Sickle cell trait (SCT) is not a disease, but a description of a type of hemoglobin gene. Hemoglobin carries oxygen in the bloodstream. SCT differs from sickle cell anemia in that the trait is present when one gene for sickle hemoglobin is inherited from one parent while a normal hemoglobin gene is inherited from the other. If a sickle cell gene is inherited from each parent, the child will then have sickle cell anemia. Sickle cell anemia is a serious disorder which typically causes severe medical problems early in childhood which continue on into adulthood. People with SCT rarely have any symptoms of the condition, however, they may develop problems under extreme physical stress or with low oxygen levels such as those find at higher altitudes.
People with ancestors from Africa, Mediterranean countries, India, South or Central America, and Saudi Arabia are at increased risk for having SCT. SCT occurs in about eight percent of the African-American population in the United States. SCT exercise-related deaths do occur in both athletics and in the military. Individuals with SCT participating in intense exercise are particularly vulnerable to the effects of heat and dehydration. The potential for a sickling collapse can be decreased if the athlete takes preventive measures. Early recognition of the signs and symptoms by the athlete, coaches, and medical staff along with prompt stoppage of all activity and immediate rendering of appropriate treatment will greatly reduce the potential for long-term consequences or death.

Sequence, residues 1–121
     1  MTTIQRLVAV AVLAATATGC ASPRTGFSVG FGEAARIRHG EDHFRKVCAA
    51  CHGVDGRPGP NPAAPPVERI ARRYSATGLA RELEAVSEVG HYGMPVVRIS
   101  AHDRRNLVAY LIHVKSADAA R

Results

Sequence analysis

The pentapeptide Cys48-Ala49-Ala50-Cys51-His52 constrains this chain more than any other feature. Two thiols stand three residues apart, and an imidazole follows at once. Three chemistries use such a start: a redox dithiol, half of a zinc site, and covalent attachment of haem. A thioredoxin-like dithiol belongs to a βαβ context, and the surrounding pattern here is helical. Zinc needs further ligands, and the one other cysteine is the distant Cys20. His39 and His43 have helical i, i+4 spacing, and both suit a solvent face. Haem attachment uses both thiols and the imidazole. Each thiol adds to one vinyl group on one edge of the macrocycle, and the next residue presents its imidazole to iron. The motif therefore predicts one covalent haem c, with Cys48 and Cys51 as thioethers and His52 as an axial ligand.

Below are resources from the Centers for Disease Control and Prevention and the NCAA for parents/guardians, athletes, coaches, and medical personnel to provide helpful information about SCT and participation in interscholastic athletics:
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